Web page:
Tackling the Talent Shortage Myth
Mark Hedley, Vice President of Talent Recruiting at Globalization Partners on how the Great Resignation can be turned into the Great Re-Engagement.
The last two years have been tumultuous for HR leaders. Responsible for overseeing the biggest virtual working experiment in history, workforce wellbeing and engagement became one of the top concerns in 2020 as organisations were forced to navigate new workplace norms. Fast forward to 2021 and HR teams faced a new challenge: responding to evolving workforce needs and expectations as long-term remote and hybrid working models took shape. After which, organisations found themselves in the midst of what has been dubbed the ‘Great Resignation’ or the ‘Great Reset’ that saw people looking to move to pastures new or quit work entirely.
The ongoing talent shortage and connected trends have been widely publicised over the past 12 months. According to a recent report, more than half (56 per cent) of UK companies are suffering as a result of skills shortages, with £1.2 billion being spent annually on temporary staff to fill these gaps.
There is little doubt that UK organisations are confronting a much tighter labour market at a point when today’s fast-paced competitive landscape means skills acquisition and workforce re-skilling needs to be framed with agility in mind. But is there really a shortage of talented people in today’s job market and is everything you read about the Great Reset actually true?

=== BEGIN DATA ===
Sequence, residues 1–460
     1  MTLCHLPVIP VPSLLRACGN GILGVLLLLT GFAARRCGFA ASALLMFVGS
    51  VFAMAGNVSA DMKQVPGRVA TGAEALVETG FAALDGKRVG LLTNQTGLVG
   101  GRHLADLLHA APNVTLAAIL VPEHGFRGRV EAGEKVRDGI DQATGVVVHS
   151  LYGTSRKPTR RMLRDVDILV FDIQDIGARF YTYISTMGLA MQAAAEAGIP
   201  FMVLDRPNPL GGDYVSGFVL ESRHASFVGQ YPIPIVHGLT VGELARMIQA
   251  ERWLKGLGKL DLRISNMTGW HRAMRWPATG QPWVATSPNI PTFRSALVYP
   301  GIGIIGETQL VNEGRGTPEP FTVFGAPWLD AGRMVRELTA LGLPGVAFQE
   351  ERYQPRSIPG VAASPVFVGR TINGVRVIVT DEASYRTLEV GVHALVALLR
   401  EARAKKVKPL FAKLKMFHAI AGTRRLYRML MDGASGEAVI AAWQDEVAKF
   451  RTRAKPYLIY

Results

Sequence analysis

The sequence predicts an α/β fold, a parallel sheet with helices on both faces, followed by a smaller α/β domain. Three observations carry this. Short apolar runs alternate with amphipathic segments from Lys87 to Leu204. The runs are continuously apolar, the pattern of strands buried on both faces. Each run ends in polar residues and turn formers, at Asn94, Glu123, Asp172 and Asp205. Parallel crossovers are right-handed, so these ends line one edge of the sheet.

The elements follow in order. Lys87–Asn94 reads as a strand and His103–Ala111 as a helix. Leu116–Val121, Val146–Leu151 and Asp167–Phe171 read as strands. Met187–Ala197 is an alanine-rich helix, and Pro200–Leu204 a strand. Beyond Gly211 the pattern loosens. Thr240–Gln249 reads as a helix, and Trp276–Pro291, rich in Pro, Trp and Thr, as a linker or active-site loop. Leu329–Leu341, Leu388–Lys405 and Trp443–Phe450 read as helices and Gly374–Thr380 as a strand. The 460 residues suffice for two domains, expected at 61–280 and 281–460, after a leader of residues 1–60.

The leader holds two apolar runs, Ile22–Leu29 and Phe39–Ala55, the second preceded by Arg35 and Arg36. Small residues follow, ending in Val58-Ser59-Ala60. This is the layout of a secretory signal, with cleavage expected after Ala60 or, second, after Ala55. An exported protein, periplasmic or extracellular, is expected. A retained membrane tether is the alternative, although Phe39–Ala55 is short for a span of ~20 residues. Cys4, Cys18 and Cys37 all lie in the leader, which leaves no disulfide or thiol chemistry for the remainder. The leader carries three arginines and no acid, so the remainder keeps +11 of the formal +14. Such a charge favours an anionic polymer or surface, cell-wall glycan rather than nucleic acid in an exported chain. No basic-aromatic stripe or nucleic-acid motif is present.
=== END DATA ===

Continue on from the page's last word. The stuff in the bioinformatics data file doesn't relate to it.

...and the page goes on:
Myth versus reality: going beyond the headlines
The CIPD recently released a detailed analysis that busts some common misconceptions around what is actually going on and why.
Alongside explaining why there was a noticeable drop in job seeking during the pandemic that contributed to the Great Reset once recovery began, the CIPD explores how the pandemic experience led many people to re-evaluate what they want from a job in terms of work-life balance. With UK unemployment rates now at a record low, many are no longer willing to accept roles with companies whose cultural values don’t align with their own or where their professional ambitions and development needs aren’t recognised.
Meanwhile, LinkedIn has published hiring data that highlights how the Great Resignation in the UK is a much more nuanced phenomenon where certain sectors are clear winners in today’s booming jobs market. The report explores what’s motivating older and younger workers to shift jobs, where they are transitioning to, and why LinkedIn has redesignated the Great Resignation as the ‘Great Reshuffle’. It also advises that organisations would be wise to embrace empowering employees with choices, flexibility and upskilling options if they don’t want their best and brightest talent to quit.
Expanding available talent pools
Recently, a You and Yours episode on Radio 4 featured the stories of so-called ‘boomerang employees’ who have returned to the workplace and the companies they once worked for. Speaking on the programme, Janine Chamberlin, UK manager for LinkedIn, revealed how five per cent of all new hires in 2021 were these so-called ‘boomerangers’.
An online poll prior to the programme revealed the top two reasons that prompted people to return to the fold included wanting a sense of belonging/being part of a culture and being notified about a specific job opportunity that enabled them to utilise their newly acquired skills and experiences.